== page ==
Argentina, Political

A Nation Built on Contradictions

Wednesday, March 24, 2010  

Today is a holiday here, as it marks a very important anniversary in Argentina. On March 24, 1976 a military coup took place, officially putting control of the country in the hands of a dictatorship. This is commonly known as the Dirty War. It is estimated that between then and the return to democracy in late 1983, 30,000 Argentine citizens were “disappeared,” murdered by their own government. Also, many were exiled, kidnapped, unjustly imprisoned, and tortured. When I first came here, it one day suddenly hit me at how recent this was, and the thought still gives me chills. After 5 years of living here, I am well aware of this period of history and see its effects to this day, but I am still learning. Here is what I understand.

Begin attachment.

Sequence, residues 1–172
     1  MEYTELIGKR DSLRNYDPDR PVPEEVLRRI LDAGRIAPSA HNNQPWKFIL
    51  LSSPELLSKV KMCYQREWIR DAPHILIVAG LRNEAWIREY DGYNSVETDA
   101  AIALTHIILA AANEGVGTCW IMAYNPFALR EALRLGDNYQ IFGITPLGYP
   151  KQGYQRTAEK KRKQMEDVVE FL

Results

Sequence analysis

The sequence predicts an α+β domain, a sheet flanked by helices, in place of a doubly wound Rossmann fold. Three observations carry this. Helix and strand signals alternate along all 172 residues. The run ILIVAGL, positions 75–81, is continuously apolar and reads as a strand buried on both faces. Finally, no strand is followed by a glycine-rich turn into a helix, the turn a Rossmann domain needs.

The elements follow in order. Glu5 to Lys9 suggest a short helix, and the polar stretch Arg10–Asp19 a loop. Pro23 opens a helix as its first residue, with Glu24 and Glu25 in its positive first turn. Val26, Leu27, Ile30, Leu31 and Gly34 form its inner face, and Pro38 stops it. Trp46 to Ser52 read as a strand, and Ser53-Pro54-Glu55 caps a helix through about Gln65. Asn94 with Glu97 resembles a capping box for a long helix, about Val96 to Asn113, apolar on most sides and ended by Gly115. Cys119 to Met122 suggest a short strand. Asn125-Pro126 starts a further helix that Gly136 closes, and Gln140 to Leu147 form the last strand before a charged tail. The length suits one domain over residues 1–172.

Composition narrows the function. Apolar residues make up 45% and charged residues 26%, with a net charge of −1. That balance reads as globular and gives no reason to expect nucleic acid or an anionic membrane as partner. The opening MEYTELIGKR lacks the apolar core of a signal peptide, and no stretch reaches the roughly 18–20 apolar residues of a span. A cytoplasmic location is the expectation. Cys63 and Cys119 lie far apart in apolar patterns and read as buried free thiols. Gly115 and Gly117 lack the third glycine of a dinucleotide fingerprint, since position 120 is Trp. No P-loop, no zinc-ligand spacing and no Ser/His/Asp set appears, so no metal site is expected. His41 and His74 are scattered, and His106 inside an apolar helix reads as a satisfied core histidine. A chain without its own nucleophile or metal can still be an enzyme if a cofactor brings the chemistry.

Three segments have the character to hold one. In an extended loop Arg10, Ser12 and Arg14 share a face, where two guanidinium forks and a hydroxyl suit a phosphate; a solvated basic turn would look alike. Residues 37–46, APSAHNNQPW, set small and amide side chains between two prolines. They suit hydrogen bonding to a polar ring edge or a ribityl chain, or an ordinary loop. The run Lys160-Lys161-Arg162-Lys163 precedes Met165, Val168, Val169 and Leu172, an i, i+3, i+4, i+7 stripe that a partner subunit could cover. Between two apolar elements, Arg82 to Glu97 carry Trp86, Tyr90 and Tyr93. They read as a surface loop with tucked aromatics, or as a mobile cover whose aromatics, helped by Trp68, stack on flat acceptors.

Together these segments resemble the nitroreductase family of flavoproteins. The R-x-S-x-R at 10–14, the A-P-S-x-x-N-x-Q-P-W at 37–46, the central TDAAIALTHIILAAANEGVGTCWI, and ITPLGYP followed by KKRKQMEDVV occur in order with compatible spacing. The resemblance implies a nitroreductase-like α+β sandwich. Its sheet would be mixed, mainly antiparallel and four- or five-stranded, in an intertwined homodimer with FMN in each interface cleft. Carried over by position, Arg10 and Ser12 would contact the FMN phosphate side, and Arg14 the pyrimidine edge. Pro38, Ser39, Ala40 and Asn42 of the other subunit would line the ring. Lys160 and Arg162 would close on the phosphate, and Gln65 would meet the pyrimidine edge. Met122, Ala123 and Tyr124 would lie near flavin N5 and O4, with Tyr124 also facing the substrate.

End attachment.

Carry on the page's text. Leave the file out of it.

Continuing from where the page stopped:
Peronism, keeps on goingIt was a dark chapter obviously, but putting specific dates on it is a little misleading. Argentina has a history of several dicatorships, the one that began in 1976 being only the latest one. Also the brutality of the latest dictarorship began a while before the coup and its effects continue today. More obviously, there have been trials very recently against perpretrators in the Dirty War. Eerily, in 2006, at the conclusion of the trial of the head of the federal police during the Dirty War, the chief witness, Jorge Julio Lopez, was disappeared and never heard from again.

In 1945, another repressive dictatorship was ended by the dramatic rise to power of the populist Juan Perón and his second and very famous wife Eva. His legacy is enormous in creating a more democratic Argentina, with rights and support to all citizens regardless of class or race. This has shaped modern Argentina and made it a better place overall. Furthermore, politically, to be a Peronist is often a given, differentiated by being a rightist Peronist, a moderate Peronist, or a leftist Peronist.